In its long and illustrious history, GT’s Zaskar has been pretty much everything a hardtail could be. Starting as the attitude laden, tough as nails but not too heavy anodised frame to be seen on in the early ’90s, it became the first true do-it-all hardtail, as Zaskars everywhere sprouted chain devices and chunky forks. Once everyone else had cottoned on and caught up though, it disappeared into the background as suspension hogged the limelight.
Now hardtails are back on the accepted substances list, it’s back with a vengeance, with one of its most aggressively race-orientated but still fun-packed and price-light guises to date.
While the layout and design are definitely classic GT, the tubework is taken care of by premium alloy alchemists, Kinesis.
Cue a thinwall internal bearing headset, big hydroformed down tube gusset, kinky fluted far ends on both main tubes and a ring-reinforced bottom bracket shell. They keep the well-known GT ‘Triple Triangle’ cluster with its seat stays overshot on to the top tube, while the seat tube is also extended enough to get a front slot that’ll keep rear wheel spray out.
Slim oval-to-round chainstays finish at neatly curved cold forged dropouts, with junctions that look like they’ve been built round Hula Hoops. A-stay braces leave enough mud room for winter, and the whole frame is disc specific for clean looks. Top tube cable routing makes it lovely and comfy to shoulder if your route or race includes some hike-a-bike sections, too. Real weight fanatic racers will ditch the convenience of the QR seat collar for a lighter bolted piece, though.
a great value, really rideable race or mile-eating rig
One look at the fork means there’s absolutely no doubting that high speed race work is the primary intent of this bike. RockShox’s Reba is a tough all-rounder – with up to 115mm travel in some versions – but the SL here is a low-slung 85mm travel version and comes complete with top cap lockout for smooth sections and sprints.
The Kenda Karma tyres are definitely chosen for their summer speed too, because while the tall, round carcass floats really nicely over hard summer trails, you’ll spend most of your time spinning or going sideways if it’s even slightly wet. The ‘stop and go’ spec is more straightforward, with a complete Shimano XT set providing proven performance throughout.
You’ll probably have to replace chainrings and brake pads before many winter training miles have passed, but we have to say that the hubs and gears are a benchmark for bombproof and weather resistant longevity. Truvativ’s XR kit has a similar reputation on the finishing kit front and SDG’s Bel Air saddle is another well-proven classic, with a high swept back for bracing yourself against on those grinding climbs.
Given that the whole bike comes in at just over 24lbs – despite the steel saddle rails and purposeful, rather than gram-obsessive, finishing kit and transmission – shows just how light the frame is, though.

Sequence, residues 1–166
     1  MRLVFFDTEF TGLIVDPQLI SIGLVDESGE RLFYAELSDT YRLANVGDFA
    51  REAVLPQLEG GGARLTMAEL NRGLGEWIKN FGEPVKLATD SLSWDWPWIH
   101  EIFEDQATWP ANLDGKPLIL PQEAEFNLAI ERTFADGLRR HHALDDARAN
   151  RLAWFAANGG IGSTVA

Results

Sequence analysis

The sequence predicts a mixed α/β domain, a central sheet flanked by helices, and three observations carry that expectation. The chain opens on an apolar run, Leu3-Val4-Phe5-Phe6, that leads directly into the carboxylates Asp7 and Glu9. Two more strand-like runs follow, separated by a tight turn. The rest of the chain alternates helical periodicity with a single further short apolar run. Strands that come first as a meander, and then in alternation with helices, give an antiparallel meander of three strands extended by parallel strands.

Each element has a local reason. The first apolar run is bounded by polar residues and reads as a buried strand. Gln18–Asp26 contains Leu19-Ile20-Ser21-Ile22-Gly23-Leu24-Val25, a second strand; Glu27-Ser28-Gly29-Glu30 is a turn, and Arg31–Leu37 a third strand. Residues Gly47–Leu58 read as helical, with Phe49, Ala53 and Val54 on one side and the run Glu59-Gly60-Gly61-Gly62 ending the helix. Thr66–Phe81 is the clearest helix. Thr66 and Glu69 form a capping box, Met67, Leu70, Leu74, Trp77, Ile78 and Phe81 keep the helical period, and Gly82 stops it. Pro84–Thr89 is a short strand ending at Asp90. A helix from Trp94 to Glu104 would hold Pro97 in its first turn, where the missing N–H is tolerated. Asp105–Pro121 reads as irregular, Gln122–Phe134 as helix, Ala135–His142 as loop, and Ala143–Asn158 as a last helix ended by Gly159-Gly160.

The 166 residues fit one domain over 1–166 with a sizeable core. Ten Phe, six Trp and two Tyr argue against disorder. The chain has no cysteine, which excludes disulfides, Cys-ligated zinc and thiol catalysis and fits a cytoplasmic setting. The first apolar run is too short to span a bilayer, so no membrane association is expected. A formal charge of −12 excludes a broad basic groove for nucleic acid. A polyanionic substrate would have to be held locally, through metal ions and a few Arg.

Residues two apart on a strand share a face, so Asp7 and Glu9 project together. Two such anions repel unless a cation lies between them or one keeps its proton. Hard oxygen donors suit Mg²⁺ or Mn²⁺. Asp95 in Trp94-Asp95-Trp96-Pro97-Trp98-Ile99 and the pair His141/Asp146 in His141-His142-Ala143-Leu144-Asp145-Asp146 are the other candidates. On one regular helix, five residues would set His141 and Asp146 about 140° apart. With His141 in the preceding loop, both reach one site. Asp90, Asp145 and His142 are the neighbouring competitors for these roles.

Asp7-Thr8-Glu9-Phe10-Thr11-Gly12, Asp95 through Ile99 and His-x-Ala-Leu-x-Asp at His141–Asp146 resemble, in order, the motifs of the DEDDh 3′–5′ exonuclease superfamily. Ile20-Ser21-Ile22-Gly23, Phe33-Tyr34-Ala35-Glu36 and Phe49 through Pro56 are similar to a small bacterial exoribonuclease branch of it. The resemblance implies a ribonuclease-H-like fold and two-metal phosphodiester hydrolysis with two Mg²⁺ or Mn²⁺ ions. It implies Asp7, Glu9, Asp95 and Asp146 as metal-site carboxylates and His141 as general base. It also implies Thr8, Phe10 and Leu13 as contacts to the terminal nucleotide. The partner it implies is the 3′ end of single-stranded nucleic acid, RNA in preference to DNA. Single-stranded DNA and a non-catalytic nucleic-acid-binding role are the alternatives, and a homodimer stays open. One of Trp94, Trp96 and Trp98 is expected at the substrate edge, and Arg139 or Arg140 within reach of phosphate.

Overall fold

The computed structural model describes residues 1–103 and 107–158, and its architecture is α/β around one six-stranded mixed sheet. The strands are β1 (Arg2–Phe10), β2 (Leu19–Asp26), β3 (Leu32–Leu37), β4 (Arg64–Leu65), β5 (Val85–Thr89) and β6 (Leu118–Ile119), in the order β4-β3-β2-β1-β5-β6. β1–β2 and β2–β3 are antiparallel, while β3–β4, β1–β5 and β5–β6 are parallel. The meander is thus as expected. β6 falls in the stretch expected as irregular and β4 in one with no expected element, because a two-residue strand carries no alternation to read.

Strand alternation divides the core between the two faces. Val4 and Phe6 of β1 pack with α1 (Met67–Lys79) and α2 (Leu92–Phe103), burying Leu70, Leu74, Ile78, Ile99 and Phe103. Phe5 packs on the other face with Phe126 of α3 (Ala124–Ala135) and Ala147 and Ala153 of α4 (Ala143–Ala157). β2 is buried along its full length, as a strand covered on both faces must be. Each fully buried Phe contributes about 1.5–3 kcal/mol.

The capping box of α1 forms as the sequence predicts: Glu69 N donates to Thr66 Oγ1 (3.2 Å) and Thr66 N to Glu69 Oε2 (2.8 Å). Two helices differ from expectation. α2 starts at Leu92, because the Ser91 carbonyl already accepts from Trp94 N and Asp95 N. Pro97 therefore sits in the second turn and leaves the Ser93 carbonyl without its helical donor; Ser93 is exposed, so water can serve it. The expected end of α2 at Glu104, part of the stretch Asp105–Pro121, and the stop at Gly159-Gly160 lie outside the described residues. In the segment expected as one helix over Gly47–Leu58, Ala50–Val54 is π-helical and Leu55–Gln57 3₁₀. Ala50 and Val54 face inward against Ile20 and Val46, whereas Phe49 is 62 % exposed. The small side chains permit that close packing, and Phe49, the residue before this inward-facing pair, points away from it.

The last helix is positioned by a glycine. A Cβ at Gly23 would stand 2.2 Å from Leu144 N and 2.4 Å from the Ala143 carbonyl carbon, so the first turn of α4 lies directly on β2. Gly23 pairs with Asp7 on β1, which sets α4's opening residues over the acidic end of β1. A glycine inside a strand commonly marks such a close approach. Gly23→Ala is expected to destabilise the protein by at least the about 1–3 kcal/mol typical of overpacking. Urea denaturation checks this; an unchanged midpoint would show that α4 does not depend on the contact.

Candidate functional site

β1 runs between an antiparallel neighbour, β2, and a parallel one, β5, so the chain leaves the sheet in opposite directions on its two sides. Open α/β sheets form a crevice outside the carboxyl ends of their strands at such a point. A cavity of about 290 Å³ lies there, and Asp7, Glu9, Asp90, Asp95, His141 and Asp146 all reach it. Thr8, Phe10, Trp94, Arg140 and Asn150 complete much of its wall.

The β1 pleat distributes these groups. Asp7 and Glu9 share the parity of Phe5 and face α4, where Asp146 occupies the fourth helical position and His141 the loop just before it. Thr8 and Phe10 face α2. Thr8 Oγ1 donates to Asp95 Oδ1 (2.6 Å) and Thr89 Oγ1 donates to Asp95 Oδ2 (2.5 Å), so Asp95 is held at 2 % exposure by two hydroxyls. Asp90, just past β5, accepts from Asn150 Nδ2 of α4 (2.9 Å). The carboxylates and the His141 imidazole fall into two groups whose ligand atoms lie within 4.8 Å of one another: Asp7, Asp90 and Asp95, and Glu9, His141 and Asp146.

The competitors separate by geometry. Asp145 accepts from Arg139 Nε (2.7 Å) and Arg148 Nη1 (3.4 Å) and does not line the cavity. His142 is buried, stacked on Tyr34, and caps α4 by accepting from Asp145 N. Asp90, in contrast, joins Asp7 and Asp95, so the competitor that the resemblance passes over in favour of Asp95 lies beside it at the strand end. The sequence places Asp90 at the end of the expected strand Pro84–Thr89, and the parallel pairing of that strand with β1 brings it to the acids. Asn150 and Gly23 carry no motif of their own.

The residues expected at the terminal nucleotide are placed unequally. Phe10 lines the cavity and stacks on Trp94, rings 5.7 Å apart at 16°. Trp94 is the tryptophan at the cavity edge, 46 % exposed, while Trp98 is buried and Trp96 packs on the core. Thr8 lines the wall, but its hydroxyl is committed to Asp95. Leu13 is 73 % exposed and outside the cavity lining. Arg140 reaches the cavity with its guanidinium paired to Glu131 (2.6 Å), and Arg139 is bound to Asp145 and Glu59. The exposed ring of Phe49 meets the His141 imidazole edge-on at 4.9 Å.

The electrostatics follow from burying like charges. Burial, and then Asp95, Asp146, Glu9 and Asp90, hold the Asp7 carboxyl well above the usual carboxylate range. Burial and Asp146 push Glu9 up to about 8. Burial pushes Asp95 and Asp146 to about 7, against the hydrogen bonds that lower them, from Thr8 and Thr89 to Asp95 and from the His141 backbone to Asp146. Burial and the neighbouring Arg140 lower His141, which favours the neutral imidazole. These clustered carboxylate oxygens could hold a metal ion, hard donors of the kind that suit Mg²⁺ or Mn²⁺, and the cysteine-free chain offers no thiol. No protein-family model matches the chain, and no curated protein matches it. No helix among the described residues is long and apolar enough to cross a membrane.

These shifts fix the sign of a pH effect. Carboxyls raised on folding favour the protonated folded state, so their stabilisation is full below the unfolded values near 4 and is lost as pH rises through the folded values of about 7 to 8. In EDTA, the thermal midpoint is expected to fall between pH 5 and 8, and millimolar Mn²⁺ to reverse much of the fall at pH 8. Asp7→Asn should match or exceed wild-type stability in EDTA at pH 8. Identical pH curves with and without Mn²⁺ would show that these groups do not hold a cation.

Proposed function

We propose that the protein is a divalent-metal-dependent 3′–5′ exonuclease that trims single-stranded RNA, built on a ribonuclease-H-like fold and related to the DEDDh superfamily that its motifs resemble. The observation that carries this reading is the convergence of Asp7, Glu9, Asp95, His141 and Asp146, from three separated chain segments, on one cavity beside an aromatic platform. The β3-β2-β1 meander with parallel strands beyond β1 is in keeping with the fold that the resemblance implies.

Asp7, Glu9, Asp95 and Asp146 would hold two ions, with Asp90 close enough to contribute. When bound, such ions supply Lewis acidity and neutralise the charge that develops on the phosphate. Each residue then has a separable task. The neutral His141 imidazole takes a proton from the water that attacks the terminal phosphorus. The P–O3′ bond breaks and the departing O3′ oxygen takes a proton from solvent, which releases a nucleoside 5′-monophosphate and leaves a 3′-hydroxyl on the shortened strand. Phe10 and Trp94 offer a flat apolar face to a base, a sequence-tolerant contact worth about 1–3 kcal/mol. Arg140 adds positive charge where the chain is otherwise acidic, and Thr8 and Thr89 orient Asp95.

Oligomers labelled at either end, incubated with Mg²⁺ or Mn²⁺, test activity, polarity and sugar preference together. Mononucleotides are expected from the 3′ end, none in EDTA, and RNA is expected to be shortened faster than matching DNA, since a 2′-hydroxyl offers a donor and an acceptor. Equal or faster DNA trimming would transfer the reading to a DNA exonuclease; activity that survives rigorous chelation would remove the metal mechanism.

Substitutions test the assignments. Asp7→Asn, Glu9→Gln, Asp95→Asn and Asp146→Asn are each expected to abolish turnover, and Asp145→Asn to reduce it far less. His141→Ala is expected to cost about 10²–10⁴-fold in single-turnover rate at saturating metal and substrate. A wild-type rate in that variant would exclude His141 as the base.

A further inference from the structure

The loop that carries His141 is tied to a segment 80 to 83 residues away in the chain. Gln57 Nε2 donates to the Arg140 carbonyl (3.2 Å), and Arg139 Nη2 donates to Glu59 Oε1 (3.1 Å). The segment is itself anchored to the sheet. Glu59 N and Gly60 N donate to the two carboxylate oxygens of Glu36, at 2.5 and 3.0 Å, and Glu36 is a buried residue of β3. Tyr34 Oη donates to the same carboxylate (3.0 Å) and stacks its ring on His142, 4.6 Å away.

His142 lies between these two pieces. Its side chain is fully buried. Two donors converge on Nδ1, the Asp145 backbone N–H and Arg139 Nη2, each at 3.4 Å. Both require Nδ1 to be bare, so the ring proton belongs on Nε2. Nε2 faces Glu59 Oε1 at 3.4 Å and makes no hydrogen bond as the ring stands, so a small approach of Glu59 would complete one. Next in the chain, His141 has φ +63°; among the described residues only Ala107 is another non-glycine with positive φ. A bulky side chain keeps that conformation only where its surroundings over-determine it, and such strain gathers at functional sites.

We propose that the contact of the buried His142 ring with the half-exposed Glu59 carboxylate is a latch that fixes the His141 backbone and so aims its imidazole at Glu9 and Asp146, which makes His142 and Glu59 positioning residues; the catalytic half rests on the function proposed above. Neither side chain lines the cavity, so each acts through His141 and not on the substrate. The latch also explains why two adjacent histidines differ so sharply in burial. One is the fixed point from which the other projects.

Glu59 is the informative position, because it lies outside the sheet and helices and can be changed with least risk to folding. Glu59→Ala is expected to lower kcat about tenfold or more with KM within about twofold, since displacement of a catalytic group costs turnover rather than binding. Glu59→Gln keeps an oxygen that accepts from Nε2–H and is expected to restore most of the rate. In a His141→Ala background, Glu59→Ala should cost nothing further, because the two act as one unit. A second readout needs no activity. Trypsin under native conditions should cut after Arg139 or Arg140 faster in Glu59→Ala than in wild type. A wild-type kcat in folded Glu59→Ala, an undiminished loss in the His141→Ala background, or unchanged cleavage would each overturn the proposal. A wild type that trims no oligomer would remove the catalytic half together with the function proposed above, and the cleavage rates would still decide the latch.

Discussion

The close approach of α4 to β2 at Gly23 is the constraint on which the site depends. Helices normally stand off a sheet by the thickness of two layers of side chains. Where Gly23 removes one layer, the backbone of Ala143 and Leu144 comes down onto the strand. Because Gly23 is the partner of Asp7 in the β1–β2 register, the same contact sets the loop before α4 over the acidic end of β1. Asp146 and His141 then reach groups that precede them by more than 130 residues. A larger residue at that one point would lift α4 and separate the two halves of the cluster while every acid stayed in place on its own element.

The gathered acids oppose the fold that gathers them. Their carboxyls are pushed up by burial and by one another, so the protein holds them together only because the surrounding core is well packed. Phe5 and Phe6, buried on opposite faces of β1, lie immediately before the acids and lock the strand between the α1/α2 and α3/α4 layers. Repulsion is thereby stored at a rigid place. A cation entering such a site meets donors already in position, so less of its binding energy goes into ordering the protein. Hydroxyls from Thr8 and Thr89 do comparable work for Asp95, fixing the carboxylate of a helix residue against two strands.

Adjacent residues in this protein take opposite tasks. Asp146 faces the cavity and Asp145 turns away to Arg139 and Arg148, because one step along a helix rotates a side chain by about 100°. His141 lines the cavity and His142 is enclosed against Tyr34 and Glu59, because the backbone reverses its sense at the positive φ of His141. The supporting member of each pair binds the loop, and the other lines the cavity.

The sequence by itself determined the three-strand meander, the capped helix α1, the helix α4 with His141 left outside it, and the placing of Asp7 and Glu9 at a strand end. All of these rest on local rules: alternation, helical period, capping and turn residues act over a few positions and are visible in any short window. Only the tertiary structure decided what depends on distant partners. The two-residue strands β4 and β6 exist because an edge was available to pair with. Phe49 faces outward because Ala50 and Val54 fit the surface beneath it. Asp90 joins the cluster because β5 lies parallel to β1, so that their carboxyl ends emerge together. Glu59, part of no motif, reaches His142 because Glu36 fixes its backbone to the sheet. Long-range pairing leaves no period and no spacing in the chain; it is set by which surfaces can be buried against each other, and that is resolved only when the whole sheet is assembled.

There’s certainly no shortage of potential to create a truly featherweight race bike from the base chassis. It shapes up for this perfectly too, with a super long top tube (59.7cm, even on the medium) mated to a mid-length stem for a classic head down, arse up position. It’s not an easy setup to get much lift or flight time out of, but it’s perfect for piling on the speed with your wheels firmly on the ground.
It keeps its nose nailed down on steep technical climbs too, which combines with its light weight to make it a truly phenomenal ascender on straight or sketchy sections. Well balanced weight distribution and rapid shorter stem reactions mean it was able to deftly manage the massive sideways slides and counter steering chaos the tyres were launching us into as soon as things got wet.
The slim stays and sucked in midship main tube sections add more subtle flex and shock absorbtion than you’d expect from a race bike, too. It’s far more direct than, say, a Genesis Altitude, but there’s just enough suction to enhance traction noticeably over a total race nail though, and we wouldn’t be scared of riding it all day long, either. Although we do suspect that it wouldn’t be our first choice for meat heads or masochists who just want the most painfully solid pedal-to-wheel feel possible.
To summarise then, the Zaskar Pro is exactly what it looks like – a totally modern execution of an old-skool flat out racer that’s bred for serious speed and altitude gain. There are two bonus surprises though. Given the price and the workmanlike – rather than weight weenie kit – we’re astonished at the overall mass, which is a good pound under what we’d expect.
The relative subtlety of the back end is also a real boon, considering the current fashion for longer marathon or even multi-day races. All in all, the Zaskar is a great value, really rideable race or mile-eating rig, with no obvious flaws that our extensive test ride managed to uncover.